Art-rock group Yes formed in 1968 with Jon Anderson on vocals, Peter Banks on guitar, Tony Kaye on organ, Chris Squire on bass and Bill Bruford on drums.
Anderson started out during the British beat boom as a member of a combo called The Warriors, who recorded a single for Decca in 1964, and later was in the band Gun, before going solo in 1967 with two singles on the Parlophone label.
He was making a modest living cleaning up at a London club called La Chasse during June of 1968, and was thinking of starting up a new band.
One day at the bar, he chanced to meet bassist/vocalist Chris Squire, a former member of the band The Syn, who had recorded for Deram, the progressive division of Decca.
The two learned that they shared several musical interests (including an appreciation for the harmony singing of Simon and Garfunkel) and within a matter of days were trying to write songs together.
They began developing a sound that incorporated harmonies with a solid rock backing, rooted in Squire’s very precise approach to the bass.
The duo saw the groups around them as having either strong vocals and weak instrumental backup, or powerful backup and weak lead vocals, and they sought to combine the best of both. Their initial inspiration, at least as far as the precision of their vocals, according to Squire, was the pop/soul act The Fifth Dimension.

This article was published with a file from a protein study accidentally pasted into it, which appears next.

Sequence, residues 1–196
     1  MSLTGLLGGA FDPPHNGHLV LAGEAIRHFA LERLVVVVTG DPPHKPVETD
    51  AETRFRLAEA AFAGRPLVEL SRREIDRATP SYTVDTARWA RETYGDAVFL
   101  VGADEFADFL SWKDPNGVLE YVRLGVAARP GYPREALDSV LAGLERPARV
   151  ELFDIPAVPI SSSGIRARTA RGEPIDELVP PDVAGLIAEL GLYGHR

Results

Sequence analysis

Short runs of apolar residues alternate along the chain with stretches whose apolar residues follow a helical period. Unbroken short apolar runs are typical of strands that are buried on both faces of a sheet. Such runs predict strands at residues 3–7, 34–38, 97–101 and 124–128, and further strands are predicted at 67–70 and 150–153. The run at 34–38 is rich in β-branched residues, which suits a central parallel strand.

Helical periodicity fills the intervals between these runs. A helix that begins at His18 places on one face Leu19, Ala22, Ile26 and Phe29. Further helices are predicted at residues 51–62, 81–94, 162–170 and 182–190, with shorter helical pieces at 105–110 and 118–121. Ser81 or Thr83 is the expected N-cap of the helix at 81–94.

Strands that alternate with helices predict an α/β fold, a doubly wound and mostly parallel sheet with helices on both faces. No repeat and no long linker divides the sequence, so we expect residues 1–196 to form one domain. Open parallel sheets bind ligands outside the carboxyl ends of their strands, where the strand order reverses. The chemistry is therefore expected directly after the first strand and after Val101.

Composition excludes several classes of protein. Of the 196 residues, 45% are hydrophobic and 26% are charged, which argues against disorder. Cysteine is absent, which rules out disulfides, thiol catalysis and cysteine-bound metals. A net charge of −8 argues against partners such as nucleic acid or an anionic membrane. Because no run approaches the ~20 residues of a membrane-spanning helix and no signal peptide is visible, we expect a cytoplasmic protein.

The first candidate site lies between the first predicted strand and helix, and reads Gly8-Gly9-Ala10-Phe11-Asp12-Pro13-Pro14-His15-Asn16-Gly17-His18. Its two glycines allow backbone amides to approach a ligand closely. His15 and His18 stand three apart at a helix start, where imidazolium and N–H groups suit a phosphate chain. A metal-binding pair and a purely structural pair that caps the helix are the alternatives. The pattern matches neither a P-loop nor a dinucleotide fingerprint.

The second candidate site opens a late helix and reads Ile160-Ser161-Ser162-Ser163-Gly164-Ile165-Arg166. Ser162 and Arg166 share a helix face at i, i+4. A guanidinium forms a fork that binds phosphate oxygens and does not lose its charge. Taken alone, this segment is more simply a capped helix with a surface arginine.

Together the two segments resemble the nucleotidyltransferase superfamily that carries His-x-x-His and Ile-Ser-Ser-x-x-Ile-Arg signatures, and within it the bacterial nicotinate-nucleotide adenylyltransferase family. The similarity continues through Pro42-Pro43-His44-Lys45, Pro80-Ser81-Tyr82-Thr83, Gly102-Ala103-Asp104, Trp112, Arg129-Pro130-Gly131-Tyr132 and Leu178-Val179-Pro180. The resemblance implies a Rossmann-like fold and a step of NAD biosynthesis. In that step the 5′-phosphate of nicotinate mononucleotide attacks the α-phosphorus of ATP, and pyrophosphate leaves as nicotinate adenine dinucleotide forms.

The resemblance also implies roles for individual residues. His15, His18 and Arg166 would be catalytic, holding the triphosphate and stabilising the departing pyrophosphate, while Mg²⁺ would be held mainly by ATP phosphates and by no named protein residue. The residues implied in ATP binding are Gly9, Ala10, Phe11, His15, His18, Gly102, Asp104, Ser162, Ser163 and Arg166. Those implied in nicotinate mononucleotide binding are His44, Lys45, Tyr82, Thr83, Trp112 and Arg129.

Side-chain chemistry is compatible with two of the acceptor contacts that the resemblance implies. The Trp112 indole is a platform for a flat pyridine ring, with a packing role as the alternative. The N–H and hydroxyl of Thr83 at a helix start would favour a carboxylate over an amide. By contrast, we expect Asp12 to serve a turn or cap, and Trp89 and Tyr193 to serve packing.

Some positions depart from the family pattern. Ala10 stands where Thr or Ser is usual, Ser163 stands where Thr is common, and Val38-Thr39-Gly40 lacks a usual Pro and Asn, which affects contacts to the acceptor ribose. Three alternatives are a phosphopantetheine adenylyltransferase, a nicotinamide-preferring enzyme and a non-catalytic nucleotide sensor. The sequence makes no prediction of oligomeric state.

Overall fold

They recruited Tony Kaye, formerly of The Federals, on keyboards; Peter Banks, previously also a member of The Syn, on guitar; and drummer Bill Bruford who had only just joined the blues band Savoy Brown a few weeks earlier.
The British music scene at this time was in a state of flux. The psychedelic pop era, with its pretty melodies and delicate sounds, was drawing to a close, replaced by the heavier sounds of groups like Cream. Prog rock, with a heavy dose of late-19th century classical music, was also starting to make a noise, in the guise of acts such as The Nice and the original Deep Purple.
The group’s break came in October of 1968 when, on the recommendation of The Nice‘s manager, Tony Stratton-Smith (later the founder of Charisma Records), they played a gig at the Speakeasy Club in London, filling in for an absent Sly & The Family Stone.
The group was later selected to open for Cream at their 26 November 1968 farewell concert at the Royal Albert Hall. This concert, in turn, led to a residency at London’s Marquee Club and their first radio appearance, on John Peel‘s Top Gear radio show.
Their debut (self-titled) album was released in November of 1969, displaying the basic sound that would characterise the band’s subsequent records, including impeccable high harmonies, clearly defined emphatic playing, and an approach to music derived from folk and classical rather than the R&B from which most rock music sprung.
Anderson’s falsetto lead vocals gave the music an ethereal quality, while Banks’ angular guitar – seemingly all picked and none strummed – drew from folk and skiffle elements.
Squire’s bass had a huge sound (owing to his playing with a pick which gave him one of the most distinctive sounds on the instrument alongside The Who‘s John Entwistle) while Bruford’s drumming was very complex and Kaye’s playing was rich and melodic.
While the band were renowned for their technical and musical ability though, their songs and sets were often interminably long.
In February of 1970, Yes supported The Nice again at their Royal Albert Hall show while they were preparing their second album, Time and a Word.